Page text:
These episodes succeed, as do the others I have foggy memories of, in a number of ways. The show is very simple in its layout. The first episode included here feels staged like it could be a play and the others, while they aspire a bit more to using different sets, also favor relaxed pacing and minimal camerawork. It's the type of thing you might not notice if you're not looking for it (and children won't be), because fortunately, the characters and their stories triumph over any potentially stagnant technique.

The puppetry is first-rate; strings are visible from time-to-time, but the mouth movement always synchs up very well and you're entirely convinced that these are characters, rather than hand-operated creations. That is achieved in no small part due to voice performances from the talented cast. That cast doubles as a crew, as well; "Birdbrain" was written by Bob Stutt (the voice of Iggy) and Noreen Young (the voice of Gloria) produced the series. (Young is probably one of the biggest reasons the show has come to DVD; her self-titled production company appears throughout the disc and presumably, she approached local distributors Cinerio to make it happen.) Though her fashions and hairstyles date the show, Holly Larocque deserves credit for aptly playing the straight lady to her fuzzy co-stars.

Jacob is convinced he has found "The Best Hiding Place Ever", although he uses far more superlatives to describe it. A visit from Uncle Jack has the whole gang singing and wearing button-adorned black outfits.

As stated earlier, this DVD features brand new introductions by Iggy, Gloria, and Jacob who call this "The Best of 'Under the Umbrella Tree.'" Thankfully, they look and sound the same as they did all those years ago. Each episode opens with an amusing piece (roughly 20-30 seconds in length) in which the three protagonists setup the show to come. They're also transitional in the sense that they'll comment on the previous one which just ended. Each intro/transition dissolves into the original opening title sequence, which is preserved (as are closing episode credits) in full.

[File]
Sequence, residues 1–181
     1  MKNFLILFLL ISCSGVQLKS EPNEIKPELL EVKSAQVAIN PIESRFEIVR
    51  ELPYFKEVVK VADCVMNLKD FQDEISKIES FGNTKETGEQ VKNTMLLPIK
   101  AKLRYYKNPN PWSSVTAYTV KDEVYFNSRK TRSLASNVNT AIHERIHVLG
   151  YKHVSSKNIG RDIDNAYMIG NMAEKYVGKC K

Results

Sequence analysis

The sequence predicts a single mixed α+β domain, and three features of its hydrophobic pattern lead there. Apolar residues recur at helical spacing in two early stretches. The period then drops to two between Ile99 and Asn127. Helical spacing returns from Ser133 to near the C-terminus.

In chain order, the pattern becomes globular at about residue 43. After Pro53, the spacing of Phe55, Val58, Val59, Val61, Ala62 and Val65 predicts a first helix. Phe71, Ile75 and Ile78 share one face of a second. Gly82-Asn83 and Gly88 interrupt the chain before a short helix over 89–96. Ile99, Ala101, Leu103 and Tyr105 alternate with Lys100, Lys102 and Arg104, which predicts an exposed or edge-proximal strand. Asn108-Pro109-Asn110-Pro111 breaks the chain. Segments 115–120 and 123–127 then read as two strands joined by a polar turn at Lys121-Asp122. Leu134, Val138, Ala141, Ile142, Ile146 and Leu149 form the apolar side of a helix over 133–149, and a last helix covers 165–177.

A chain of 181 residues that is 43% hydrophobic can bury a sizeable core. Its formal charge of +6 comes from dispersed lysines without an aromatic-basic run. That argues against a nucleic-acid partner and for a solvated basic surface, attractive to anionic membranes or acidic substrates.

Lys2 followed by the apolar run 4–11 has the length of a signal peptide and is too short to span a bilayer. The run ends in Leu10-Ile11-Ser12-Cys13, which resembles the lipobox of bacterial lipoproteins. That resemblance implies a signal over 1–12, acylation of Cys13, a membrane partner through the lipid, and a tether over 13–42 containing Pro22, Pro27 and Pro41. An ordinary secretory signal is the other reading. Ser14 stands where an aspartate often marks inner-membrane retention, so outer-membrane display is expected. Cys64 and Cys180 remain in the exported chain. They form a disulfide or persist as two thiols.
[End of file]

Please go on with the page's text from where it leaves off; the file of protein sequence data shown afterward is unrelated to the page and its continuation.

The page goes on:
At the end of the fifth episode, Iggy, Jacob, and Gloria say goodbye and the theme song again plays, this time with the lyrics against a black screen, serving as a sing-along of sorts. As there are no subtitles or captions, this is the only time to find out any lyrics you might have been unsure of.

The new intro and original credits sequence can be skipped, but that's it, meaning each show offers just two chapter stops rather than more specific scene access. For shows this short, it's not a major deal.

It's unclear how many "Under the Umbrella Tree" episodes were produced during its run. The few sources I could find indicate there were well over two hundred shows made before production ended in 1993. That would mean for the complete series on DVD, Cinerio would have to release several dozen volumes, which would certainly rack up a hefty bill for collectors. As such, unless their release method changes, some selectivity might benefit fans on a budget.


Everything on the disc is presented in the 1.33:1 "fullscreen" aspect ratio. Those were naturally the dimensions the show was created and aired in, and which have been employed for the newly-filmed material. With episodes that are fifteen years old or older and an independent distributor and disc production approach taken, the video quality leaves you with wide-open-ended expectations of what kind presentation you'll get. Fortunately, I was quite pleased with the transfer quality.

The episodes themselves clearly look they come from old video masters, but they're pretty solid nonetheless. The element is satisfactorily clean, free from any intrusions whatsoever. Colors are quite vibrant, as they originally were. As you might expect from the dated source of a relatively low budget television production, the picture isn't the sharpest, but it remains appropriately detailed. Overall, it's many degrees better than the next-best alternative - teenaged homemade VHS recordings off the Disney Channel or elsewhere which degrade with each viewing.

Jacob, Iggy, and Gloria are back and your hosts to this Volume 1 DVD. Holly is the one most suited for holding Henry Hamster and the rest of the gang is awestruck by her hamster-holding skills.

(A side note, which is as relevant here as anywhere else, I suppose. There's a single frame appearance of Uncle Jack during Jacob's intro screen in the last episode's opening credits. One frame is not much of an intrusion, but it's somewhat scary if you can press pause at the right moment, or more likely, move through the frames to spot it! Eeek!)

Audio is provided in a Dolby Digital Mono soundtrack, which I imagine is the way the series originally aired. Somehow the show's sweet simplicity wouldn't feel right with a multi-channel presentation and the soundtrack here is certainly serviceable. Dialogue (the brunt of the track), the unforgettable theme song, and the occasional other musical selection are all delivered nicely, with consistent dynamics, accurate pitch, and little trouble discerning lines. Some of the lines are a bit muffled sounding, but I'm certain the fault lies with the original recordings rather than the transfer to disc.